Really be sure your welding buddy thinks you're skill level is there. If he's ok with it, get it in writing and burn,baby,burn!!!!
    200amp Air Liquide MIG, Hypertherm Plasma, Harris torches, Optrel helmet, Makita angle grinders, Pre-China Delta chop saw and belt sander, Miller leathers, shop made jigs etc, North- welders backpack.

  11. #11
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    Re: Welding I beams

    Quote Originally Posted by Joe21 View Post
    I might be building a boat house out of I beams and I was wondering what I should use to weld it. I was thinking about using my buddys dynasty 300 and arc welding it. How dose this sound im pretty new to welding and Ive never done structural welding. Dose that sound like a good idea
    Arc welding well as the machine you propose to use is made for producing arc weld then I guess you will be arc welding it.


    I would sugest you use the SMAW process and 7018-1 filler electrode.

  12. #12
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    Apr 2010
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    19

    Re: Welding I beams

    Thanks.

  13. #13
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    Apr 2010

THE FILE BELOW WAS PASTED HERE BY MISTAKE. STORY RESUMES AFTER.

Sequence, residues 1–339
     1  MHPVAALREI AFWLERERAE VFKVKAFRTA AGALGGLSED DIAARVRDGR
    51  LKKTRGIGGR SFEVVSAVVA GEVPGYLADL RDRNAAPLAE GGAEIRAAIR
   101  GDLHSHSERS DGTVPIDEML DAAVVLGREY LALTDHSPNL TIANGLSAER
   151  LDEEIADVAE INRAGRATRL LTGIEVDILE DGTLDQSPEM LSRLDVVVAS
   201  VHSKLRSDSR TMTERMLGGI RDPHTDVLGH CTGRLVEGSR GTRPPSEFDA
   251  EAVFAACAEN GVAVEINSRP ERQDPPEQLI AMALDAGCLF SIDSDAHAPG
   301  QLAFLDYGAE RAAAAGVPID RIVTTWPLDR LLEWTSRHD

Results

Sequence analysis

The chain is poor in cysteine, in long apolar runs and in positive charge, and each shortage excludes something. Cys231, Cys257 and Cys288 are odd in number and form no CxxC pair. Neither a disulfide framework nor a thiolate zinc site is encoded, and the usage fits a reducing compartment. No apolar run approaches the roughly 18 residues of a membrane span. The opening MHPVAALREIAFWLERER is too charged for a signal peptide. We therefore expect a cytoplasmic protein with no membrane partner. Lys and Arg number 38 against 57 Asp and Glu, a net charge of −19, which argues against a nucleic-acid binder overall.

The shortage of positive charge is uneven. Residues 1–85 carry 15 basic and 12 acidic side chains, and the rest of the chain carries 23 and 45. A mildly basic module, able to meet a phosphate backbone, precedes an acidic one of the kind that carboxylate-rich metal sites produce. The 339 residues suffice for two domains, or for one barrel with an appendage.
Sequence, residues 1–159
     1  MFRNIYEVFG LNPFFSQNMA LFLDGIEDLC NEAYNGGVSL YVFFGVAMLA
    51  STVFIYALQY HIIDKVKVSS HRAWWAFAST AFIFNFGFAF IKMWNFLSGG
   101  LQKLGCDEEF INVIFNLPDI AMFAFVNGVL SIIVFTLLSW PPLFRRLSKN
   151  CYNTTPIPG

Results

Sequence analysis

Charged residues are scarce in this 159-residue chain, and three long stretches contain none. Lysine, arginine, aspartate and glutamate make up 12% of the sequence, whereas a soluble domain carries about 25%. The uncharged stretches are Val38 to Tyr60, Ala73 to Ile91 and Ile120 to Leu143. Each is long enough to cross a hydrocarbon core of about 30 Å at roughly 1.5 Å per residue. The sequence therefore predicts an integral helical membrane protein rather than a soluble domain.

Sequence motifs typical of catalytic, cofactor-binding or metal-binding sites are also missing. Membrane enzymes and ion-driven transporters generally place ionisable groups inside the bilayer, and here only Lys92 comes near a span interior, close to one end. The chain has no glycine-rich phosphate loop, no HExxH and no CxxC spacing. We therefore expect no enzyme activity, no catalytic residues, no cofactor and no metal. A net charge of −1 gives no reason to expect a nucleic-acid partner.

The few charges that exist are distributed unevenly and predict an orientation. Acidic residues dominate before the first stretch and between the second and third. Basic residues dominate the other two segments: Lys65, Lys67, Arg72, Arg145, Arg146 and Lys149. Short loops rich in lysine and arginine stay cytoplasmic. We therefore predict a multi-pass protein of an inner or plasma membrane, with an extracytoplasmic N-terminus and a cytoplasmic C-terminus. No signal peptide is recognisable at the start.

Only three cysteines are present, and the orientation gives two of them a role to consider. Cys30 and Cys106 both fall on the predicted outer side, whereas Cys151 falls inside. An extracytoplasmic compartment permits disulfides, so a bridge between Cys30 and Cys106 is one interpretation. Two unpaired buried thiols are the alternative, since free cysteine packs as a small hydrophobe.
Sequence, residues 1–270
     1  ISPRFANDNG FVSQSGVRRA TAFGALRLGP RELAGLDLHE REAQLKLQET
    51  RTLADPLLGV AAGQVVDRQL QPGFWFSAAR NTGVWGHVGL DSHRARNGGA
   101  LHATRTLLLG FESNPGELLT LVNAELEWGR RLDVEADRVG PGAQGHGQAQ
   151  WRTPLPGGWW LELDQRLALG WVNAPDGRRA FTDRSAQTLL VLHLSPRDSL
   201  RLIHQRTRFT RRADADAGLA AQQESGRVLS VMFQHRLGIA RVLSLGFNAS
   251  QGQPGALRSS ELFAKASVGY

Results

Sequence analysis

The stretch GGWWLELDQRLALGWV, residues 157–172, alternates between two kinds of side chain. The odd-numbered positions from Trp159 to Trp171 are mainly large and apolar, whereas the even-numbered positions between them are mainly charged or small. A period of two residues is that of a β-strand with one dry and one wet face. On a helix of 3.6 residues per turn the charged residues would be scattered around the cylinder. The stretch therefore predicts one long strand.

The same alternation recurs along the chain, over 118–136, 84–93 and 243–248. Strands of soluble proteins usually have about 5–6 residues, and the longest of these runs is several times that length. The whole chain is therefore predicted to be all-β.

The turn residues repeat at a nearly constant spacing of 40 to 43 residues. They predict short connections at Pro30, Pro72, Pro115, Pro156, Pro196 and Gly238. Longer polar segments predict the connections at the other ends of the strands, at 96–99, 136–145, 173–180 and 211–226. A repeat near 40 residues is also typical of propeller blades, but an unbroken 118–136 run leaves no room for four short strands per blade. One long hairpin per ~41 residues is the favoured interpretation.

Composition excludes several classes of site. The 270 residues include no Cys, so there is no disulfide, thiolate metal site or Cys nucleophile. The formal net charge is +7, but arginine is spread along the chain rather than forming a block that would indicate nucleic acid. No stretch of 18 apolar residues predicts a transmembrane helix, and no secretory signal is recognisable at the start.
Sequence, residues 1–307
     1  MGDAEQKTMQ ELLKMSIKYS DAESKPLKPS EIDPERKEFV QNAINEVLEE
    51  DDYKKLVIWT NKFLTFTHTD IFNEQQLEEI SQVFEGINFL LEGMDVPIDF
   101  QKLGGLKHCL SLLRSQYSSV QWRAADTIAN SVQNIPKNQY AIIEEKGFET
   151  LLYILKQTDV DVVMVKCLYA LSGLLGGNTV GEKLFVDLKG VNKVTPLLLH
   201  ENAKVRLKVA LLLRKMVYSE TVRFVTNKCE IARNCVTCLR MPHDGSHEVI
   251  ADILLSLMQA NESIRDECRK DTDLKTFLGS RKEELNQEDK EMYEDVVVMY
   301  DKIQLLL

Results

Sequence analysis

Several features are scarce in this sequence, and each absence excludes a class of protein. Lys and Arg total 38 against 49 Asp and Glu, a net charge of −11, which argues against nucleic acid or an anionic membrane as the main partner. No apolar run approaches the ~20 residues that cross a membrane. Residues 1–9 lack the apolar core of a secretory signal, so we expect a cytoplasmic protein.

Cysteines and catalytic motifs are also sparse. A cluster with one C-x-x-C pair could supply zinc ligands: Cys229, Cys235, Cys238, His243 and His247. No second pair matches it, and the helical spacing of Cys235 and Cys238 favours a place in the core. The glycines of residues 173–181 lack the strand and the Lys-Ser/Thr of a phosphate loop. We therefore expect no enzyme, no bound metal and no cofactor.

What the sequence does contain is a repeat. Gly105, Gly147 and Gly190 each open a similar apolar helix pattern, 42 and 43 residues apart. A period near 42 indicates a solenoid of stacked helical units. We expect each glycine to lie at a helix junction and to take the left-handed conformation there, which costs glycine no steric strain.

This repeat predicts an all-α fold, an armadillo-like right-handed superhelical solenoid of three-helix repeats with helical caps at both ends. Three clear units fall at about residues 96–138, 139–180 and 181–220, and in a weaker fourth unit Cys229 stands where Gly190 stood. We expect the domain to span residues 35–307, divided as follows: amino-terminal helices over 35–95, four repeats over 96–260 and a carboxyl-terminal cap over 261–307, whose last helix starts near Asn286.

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    Vancouver (not BC,) WA (not DC)
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    5

    Re: Welding I beams

    Your first stop should probably a legal forum that can provide advice on your local construction policies and required permits. If you are in the US, someone in the "Development Office" or whatever they call the building department at the county level should be able to "help".

    My guess is that anything more complicated than nailing a couple of 2x's together will require drawings and engineering specifications done by a state-licensed engineer who specializes in that area.

    Some areas of the US are more lax than others regarding permits, but I've been advised in the past that insurance companies don't have to cover losses for what are legally considered illegal structures, should something bad happen in the future. So when the next 'Exxon Valdez' runs aground on top of your boathouse, you're on your own...

    Just your gummint lookin' after you...
    Doug